Crashing laptops, infodemics and disconnections

My laptop just crashed and the PC service of our university couldn't rescue all the gigabytes of data that vanished in the air. Fortunately I have taken backup copies of most important files, so it was not a catastrophe. The service guy told me I'm among the lucky 7 % who as suspicious enough not to trust their laptops.

The curious thing is that part of me is relieved. Although I lost a lot of valuable information, like interesting articles, links, pictures and video, I'm kind of happy it's not there anymore. I will probably have to re-do many things like search for the lost articles but I will do it ad hoc, bit by bit as I come across the need for a particular piece of information.

It's old news that we live in a sea of information. Or data. Or knowledge. Whatever we want to call it, the amount of it we possess and store in our lives (in computers or filter and manage online) has grown exponentially. The problem is to get the real thing, to pick up the essential info and the significant stuff from the hurly burly.

To a techno anthropologist this brings forth a great object of research titled All the Information You Have to Deal with. An ethnography into personal data management would ask questions like how you deal with the data, what is significant information, what is fun, what is personal, what is shared (with whom). Feel free to steal the idea. Although it seems like somebody is already teaching a course about it in Indiana.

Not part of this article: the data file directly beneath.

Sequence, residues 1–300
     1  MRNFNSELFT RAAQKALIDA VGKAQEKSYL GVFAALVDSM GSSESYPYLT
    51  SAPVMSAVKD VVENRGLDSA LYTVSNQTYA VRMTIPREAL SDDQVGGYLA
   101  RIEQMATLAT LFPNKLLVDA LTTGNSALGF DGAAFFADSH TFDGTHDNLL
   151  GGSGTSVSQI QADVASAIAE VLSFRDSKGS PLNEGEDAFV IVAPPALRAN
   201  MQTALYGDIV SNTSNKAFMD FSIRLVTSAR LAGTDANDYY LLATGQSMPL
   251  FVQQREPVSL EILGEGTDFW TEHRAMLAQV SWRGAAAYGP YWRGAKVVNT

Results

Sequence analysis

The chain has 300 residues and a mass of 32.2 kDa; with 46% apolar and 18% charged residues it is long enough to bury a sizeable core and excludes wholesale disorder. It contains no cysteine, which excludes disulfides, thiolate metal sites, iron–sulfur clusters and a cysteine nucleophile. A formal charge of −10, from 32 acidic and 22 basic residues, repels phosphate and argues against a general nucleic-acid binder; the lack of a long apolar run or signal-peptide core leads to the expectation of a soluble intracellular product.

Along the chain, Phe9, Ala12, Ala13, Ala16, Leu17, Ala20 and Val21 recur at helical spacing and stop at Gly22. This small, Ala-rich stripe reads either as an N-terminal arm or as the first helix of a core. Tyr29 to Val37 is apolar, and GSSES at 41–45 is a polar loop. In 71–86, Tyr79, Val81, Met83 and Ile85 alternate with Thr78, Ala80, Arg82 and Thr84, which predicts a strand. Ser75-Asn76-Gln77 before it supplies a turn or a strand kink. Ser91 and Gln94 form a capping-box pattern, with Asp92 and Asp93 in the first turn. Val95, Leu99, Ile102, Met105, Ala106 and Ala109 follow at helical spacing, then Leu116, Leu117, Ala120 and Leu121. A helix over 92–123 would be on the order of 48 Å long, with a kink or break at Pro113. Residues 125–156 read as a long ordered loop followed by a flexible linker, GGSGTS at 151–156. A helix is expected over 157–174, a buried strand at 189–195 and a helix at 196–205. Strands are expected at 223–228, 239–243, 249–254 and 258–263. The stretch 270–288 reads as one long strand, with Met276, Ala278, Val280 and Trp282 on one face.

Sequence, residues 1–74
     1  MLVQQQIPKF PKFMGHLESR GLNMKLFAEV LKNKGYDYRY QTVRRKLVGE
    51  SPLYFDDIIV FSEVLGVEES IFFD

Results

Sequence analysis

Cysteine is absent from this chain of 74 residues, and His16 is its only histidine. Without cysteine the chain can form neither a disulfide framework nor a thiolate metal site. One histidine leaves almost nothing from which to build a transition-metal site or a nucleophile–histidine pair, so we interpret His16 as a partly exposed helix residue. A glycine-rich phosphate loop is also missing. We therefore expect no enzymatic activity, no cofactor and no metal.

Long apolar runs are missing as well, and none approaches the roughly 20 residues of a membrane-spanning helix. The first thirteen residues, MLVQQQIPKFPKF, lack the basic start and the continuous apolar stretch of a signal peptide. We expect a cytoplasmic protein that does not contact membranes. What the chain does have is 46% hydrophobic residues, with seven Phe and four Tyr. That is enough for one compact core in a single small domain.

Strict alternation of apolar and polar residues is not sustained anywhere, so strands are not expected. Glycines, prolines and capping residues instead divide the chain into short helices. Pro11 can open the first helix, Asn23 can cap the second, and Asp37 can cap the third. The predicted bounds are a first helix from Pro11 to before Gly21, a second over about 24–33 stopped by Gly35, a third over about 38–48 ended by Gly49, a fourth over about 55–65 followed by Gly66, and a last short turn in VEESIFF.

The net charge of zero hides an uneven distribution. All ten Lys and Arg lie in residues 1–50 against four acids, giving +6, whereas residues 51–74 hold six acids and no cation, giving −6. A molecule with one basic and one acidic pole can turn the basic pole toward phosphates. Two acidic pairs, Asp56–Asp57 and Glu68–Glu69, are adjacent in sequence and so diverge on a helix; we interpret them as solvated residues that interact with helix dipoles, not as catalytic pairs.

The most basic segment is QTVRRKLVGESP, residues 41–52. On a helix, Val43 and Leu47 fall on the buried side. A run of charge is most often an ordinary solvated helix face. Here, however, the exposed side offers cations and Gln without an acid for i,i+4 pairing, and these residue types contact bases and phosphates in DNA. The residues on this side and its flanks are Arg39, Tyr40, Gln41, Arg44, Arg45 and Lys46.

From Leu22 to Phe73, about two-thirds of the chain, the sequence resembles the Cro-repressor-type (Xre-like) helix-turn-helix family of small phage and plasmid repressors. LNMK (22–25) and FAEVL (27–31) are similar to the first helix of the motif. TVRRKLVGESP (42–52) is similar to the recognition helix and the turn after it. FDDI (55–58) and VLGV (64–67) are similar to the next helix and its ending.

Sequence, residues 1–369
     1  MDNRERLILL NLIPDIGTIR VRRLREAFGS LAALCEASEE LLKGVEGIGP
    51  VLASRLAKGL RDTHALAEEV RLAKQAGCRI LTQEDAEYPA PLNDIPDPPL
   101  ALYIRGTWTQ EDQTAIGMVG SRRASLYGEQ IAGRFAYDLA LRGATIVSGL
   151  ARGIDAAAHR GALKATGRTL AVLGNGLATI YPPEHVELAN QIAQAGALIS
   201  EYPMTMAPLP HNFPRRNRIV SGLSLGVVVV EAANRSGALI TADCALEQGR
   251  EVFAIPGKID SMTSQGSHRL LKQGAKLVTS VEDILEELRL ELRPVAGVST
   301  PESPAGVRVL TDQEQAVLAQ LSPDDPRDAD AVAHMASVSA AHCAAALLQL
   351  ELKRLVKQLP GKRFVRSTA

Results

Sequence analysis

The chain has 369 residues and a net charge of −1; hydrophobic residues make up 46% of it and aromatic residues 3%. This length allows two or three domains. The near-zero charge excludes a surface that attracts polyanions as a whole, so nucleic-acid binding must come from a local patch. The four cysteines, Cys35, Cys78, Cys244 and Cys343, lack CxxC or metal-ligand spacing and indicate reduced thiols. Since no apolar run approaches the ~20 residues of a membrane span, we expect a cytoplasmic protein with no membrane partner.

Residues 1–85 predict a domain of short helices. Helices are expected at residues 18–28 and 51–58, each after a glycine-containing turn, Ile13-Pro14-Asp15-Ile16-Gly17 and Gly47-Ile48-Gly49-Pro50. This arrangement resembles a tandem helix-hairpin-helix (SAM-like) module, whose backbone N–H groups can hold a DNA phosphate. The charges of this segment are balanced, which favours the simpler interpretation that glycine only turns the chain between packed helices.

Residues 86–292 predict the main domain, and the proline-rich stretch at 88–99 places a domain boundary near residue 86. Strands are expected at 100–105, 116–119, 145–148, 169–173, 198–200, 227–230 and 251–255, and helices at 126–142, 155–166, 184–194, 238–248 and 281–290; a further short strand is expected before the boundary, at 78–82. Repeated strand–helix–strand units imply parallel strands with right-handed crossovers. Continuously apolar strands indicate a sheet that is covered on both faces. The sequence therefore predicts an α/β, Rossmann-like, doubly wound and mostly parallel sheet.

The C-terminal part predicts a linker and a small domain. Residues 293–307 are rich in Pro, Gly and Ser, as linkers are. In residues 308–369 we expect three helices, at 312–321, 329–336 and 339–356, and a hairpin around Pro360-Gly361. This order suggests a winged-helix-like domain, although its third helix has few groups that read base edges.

In my opinion, too much data in one's life is a sign of infodemics. However, I came across some news (read here too) about the government of S. Korea and their definition of infodemics. Like most governments of the world, Korea is worrying about its citizens being exposed to the the wrong kind of information, the stuff that gives you false conceptions of the government. This phenomenon they call infodemics, a sort of pandemic form of disinformation.

An example of infodemics was the Korean online/offline protest movement against US imported beef. The protesters feared mad cow disease but to the government it was all about anti governmental disinformation. To save the citizens from infodemics in the future the government is working on a new Cyber Defamation Law.

Tangential to my laptop crashing and infodemics is Jan Chipchase's article about opting out. Chipchase discusses how he doesn't want to be constantly located and updated in someone's network. In today's tech society he and many other people enjoy going to the pub around the corner where they are simply not in reach, and they "make a conscious effort to disconnect." Who knows, perhaps the word disconnect will be synonymous to holiday in the future - although for many today it still means little less than social disaster.

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